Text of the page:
This article was originally published by Radio Free Asia and is reprinted with permission.
A Vietnamese YouTube content creator told RFA that local police in Ho Chi Minh City beat him twice and destroyed his camcorder, adding that he has been bleeding and experienced nausea and vomiting the day after the beating.
Tran Dinh Son, a 29-year-old Vietnamese YouTuber from the city’s Cu Chi district, runs the channel Đời thường TV, which has just over 10 followers.
He told RFA that communal police in the Tran Phu Trung district attacked him while he was making a fishing video on Monday. Son said he went fishing at a lake that also grows lotuses at the Tan Phu Trang industrial park, hoping to capture content that he would later put on his YouTube channel.
But Son says a security guard then came from the industrial park and asked him to stop fishing. After the two men argued for a while, Son says the guard called local police to come, who also asked him to leave. When he refused, Son says one of the police officers and the security guard took turns beating him.
“A police officer slapped me two or three times and then held me so that the security guard could beat me. The three cops were very big while I was small. They hit me on the head and threatened me. While beating me the guard screamed ‘Give me your address, I’ll come kill your parents!’” Son said, recounting the details of the incident.
Son says the police then subdued him and took him to the commune headquarters, where they confiscated the GoPro5 that he uses to create YouTube content, two cellphones, and his motorcycle before leaving. When other officers were assigned to deal with his case, Son says they asked him to write a report about the incident, which he refused to do, and demanded to know why he was violently beaten while he had not committed a crime.
“At the police station, I was beaten again. They hit me a lot on my head and my arm with their bare hands. A police officer named Tai hit me and kicked me. Another strangled me and one who appeared to be the boss elbowed me in my face. Then they handcuffed me, knocked me down to the floor and dragged me to a room nearby and left me alone there.”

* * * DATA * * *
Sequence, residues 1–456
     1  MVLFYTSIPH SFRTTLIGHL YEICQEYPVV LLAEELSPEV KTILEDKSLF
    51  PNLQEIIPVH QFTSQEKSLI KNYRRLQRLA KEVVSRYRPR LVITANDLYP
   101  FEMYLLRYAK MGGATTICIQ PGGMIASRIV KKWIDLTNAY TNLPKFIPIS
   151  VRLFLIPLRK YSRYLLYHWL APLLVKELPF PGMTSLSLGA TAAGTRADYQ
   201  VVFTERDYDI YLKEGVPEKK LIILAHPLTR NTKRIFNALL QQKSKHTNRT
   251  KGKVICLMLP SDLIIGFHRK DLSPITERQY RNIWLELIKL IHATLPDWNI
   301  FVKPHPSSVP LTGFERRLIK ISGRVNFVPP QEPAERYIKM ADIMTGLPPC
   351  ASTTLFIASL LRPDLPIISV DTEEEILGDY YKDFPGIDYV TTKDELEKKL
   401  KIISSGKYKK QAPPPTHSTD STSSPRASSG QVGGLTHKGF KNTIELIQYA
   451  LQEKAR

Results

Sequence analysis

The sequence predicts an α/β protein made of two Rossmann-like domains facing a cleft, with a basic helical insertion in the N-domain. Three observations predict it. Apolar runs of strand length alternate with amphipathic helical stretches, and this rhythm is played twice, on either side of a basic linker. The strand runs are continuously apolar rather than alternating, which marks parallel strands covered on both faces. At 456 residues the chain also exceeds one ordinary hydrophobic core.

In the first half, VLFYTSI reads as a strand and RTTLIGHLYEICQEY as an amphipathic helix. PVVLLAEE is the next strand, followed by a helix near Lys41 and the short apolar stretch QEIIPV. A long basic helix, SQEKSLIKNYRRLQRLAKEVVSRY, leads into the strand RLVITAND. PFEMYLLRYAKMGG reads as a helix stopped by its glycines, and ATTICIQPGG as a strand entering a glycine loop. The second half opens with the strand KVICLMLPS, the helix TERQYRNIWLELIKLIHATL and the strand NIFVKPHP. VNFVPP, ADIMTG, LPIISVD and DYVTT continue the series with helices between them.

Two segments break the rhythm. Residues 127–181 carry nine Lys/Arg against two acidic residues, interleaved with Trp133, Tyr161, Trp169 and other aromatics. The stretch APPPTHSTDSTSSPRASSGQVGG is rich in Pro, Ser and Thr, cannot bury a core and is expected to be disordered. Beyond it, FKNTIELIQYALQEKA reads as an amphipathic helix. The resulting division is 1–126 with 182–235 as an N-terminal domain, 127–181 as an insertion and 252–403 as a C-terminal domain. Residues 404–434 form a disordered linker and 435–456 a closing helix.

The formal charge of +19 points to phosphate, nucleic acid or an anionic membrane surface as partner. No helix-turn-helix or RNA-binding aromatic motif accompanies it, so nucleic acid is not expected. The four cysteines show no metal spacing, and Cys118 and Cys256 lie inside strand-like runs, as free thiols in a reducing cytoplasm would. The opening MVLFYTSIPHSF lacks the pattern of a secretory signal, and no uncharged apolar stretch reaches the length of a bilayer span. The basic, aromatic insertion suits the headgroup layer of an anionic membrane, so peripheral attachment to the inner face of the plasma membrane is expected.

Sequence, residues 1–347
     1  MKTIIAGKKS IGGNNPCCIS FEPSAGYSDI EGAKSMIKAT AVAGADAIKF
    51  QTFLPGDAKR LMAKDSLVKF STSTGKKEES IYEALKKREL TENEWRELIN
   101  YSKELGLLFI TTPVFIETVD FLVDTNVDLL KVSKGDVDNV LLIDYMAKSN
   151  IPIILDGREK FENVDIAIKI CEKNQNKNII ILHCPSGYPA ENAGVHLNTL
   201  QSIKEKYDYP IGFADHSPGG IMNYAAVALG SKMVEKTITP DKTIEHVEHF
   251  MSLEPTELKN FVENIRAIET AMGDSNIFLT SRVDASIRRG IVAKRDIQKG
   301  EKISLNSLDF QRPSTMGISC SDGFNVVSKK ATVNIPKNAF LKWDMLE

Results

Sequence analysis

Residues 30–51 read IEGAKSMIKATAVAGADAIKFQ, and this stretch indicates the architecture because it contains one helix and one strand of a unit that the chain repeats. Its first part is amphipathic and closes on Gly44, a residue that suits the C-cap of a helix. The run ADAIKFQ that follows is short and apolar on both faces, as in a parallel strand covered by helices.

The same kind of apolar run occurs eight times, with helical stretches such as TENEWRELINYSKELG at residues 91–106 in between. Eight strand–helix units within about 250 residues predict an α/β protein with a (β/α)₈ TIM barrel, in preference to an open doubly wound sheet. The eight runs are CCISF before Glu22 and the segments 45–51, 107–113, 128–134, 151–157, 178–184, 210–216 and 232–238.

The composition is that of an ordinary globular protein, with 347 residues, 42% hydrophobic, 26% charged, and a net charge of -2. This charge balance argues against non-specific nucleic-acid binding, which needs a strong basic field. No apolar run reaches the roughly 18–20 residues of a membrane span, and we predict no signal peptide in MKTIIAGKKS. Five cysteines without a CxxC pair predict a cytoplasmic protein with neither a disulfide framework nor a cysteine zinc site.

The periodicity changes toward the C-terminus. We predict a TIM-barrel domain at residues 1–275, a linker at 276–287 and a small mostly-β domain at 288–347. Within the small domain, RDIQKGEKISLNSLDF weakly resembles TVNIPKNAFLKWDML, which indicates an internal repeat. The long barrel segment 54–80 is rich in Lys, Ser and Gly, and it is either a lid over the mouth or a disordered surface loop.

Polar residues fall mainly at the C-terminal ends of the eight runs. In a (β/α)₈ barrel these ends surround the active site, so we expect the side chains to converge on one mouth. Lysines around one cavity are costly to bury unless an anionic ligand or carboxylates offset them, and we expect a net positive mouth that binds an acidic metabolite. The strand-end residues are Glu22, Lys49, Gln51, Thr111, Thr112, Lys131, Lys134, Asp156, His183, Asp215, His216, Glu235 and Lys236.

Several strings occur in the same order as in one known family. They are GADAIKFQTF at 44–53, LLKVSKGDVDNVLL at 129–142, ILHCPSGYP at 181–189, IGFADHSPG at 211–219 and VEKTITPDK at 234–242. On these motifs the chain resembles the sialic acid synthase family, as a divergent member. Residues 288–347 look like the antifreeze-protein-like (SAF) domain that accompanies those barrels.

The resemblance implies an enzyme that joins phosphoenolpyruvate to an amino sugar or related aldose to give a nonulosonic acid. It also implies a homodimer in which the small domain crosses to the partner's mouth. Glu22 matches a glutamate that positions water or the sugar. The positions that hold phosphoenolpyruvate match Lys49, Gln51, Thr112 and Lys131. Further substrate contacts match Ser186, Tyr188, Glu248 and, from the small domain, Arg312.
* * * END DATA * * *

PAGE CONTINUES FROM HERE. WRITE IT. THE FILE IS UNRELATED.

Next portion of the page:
As Son shouted for help, a woman heard him and informed his mother, a local teacher. When Son’s mother, Nguyen Thi Ty, arrived at the headquarters, he said police agreed to remove his handcuffs and then repeated their request for him to write a report about the incident, where he would admit to “illegally” fishing at the park.
Son says the police added that they would return all his belongings on condition that he deleted the videos of them beating him.
When police returned his belongings, they asked him to fill out a handover note. However, Son says some parts of his GoPro 5, which costs VND4 million (around USD $170), were destroyed.
When the officers left for a break while he was filling out his paperwork and did not return, Son and his mother left the station. Another group of police officers, however, stopped him from going to the hospital to treat his injuries, he said.
One of the officers, surnamed Hai, asked Son to return the handover note that he filled out at the police station, threatening him with charges of “stealing state data” if he refused.
In a video filmed at Son’s home, Hai, who was in uniform, denied having beaten Son.
RFA contacted the Tan Phu Trung commune police office to verify the incident. However, the officers who answered the phone said they could not provide a response unless a reporter came directly to their office.